Dealing with Uncertainty About The Future - Hello Student

Dealing with Uncertainty About The Future

As a young person, it’s likely that you have felt, or still feel, that the long-term future is a bit of a myth. An unrelated, intangible, unimaginable time years from now where you will be so far from the person you are today that there’s no point in even attempting to envisage it. We’re constantly growing – and often don’t realise quite how much until a Facebook throwback reminds us of what we were doing many moons ago.

During the formative years, between 14 and 21 perhaps, we change so dramatically, suddenly and inconsistently that it’s almost impossible to imagine a time when we won’t. How could you even begin to decide what you want in five years when you don’t even know what you’ll want in five weeks? Your entire conscience regenerates repeatedly during adolescence and until it settles, the task of making big decisions about your future careers and commitments is a very tall order. However, the older you get, the less drastic your growth is, as it plateaus. You establish what interests and is important to you, what you want to change in the world, how you want to come across and the people you choose to associate yourself with, to name a few.

Here are some ways to deal with uncertainty and confusion. There can be a lot of pressure from family, other’s successes and societal expectations, but the focus of ​your ​life should be ​you. Otherwise you’ll be putting your future self in a painful situation of either sucking it up, or sorting it out and having a life renovation when you’re middle aged.

By  Rahel Girma

Don't Compare

One of the most detrimental things you can do is compare parts of your life to other people’s. We’re all on our own journeys. Everyone has different desires, opportunities, sacrifices,
set-backs, priorities, time frames, paces. It’s easier said than done, but once you become aware of the amount of time you spend comparing, you’ll feel a weight released off your shoulders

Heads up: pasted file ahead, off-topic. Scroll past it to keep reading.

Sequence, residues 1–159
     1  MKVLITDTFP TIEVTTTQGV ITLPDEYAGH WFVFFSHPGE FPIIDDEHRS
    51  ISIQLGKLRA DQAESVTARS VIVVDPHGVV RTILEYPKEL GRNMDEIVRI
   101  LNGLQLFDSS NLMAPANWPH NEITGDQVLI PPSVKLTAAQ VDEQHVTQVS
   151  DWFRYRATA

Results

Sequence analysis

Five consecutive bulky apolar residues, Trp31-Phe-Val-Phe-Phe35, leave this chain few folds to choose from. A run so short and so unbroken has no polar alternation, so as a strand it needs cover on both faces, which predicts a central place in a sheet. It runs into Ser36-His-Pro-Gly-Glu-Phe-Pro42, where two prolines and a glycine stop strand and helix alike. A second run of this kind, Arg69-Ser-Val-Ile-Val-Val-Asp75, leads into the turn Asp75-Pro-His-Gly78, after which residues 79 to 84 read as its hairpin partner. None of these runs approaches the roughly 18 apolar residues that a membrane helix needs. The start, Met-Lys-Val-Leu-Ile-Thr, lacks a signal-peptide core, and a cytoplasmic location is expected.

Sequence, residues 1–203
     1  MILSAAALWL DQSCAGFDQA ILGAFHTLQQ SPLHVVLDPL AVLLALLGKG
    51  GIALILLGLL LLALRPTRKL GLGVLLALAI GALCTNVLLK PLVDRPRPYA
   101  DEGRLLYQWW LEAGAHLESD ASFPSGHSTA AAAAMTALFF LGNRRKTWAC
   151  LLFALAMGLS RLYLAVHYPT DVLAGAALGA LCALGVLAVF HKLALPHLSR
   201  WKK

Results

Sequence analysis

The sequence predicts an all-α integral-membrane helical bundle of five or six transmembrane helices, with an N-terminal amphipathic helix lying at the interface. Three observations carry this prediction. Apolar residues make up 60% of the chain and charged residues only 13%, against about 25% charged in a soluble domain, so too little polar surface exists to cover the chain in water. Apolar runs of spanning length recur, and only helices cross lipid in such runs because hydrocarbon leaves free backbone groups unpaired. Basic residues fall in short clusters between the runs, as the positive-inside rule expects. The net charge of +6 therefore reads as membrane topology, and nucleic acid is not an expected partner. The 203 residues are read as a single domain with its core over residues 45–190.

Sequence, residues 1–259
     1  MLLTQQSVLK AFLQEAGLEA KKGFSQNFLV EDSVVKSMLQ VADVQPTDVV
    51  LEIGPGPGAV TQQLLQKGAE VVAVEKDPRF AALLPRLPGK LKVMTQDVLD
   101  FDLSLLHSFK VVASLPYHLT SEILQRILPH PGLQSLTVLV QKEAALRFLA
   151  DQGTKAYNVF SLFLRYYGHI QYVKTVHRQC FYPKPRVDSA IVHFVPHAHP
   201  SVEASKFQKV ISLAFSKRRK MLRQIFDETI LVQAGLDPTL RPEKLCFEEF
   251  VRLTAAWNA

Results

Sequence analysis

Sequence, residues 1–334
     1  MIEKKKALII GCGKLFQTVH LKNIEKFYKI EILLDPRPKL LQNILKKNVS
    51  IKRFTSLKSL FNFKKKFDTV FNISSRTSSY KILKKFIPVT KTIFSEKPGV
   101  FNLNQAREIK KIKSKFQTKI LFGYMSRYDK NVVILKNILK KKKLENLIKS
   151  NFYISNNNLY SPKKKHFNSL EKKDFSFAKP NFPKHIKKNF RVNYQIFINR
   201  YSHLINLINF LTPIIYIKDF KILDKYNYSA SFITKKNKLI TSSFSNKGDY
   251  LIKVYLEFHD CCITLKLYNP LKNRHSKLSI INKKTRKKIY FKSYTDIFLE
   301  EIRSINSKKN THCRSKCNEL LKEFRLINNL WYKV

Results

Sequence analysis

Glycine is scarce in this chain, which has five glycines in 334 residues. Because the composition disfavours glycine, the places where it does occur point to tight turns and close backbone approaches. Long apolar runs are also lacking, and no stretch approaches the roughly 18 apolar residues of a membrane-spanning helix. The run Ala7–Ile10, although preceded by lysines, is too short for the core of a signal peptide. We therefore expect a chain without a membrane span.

Take note

Note the things that interest you – things you hear about or are inspired by from your surroundings. And it doesn’t have to be in a ‘goals’ way – an encouraging perspective to adopt is to think about things in a ‘what will future me wish I had done’ way.

Feed the seeds

When you find things that tickle your fancy, test the waters by immersing yourself to see if you want to pursue them further. Attend talks, exhibitions, openings – they’re everywhere and often free! Mingle, chat and explore to see if it gets you going. If it doesn’t, shut the door; if it does, follow the leads!

Ignore pressures

This is important. Often, the reason why we feel dissatisfied with what we’re doing is because we think that other people are dissatisfied with what we’re doing. Whilst it’s very difficult to shake off family expectations, it’s important to remember that most of the time it just comes from them wanting you to be happy. As long as you’re doing something that you find stimulating and satisfying, don’t worry about what other people want you to be doing, or about having to justify yourself.

Working on yourself

One of the great nuisances of today is that a lot of expectations that we face are about ​what ​we are rather than ​who ​we are. Being a good person and being good at that is a massive rarity and is a quality that should never be underestimated. Spend time building a mental portfolio of yourself – interests, likes, dislikes, passions, turn-ons and offs, what makes you tick? What does ‘success’ mean to you? Once you establish what kind of person you are, you can work out what you want that person to do.

There's no rush

We’re obsessed with instancy. Smooth planning, transitioning and success with few hiccups and immediate rewards. But life doesn’t work like that. We try things, make mistakes, learn from them, take wrong paths, take breaks, go backwards but will always get there in the end. Didn’t get the internship? Flustered by your lack of post-grad plans? Dream shadowee not replying to you emails? It will come. You didn’t get this one because there’s something better waiting for you around the corner.

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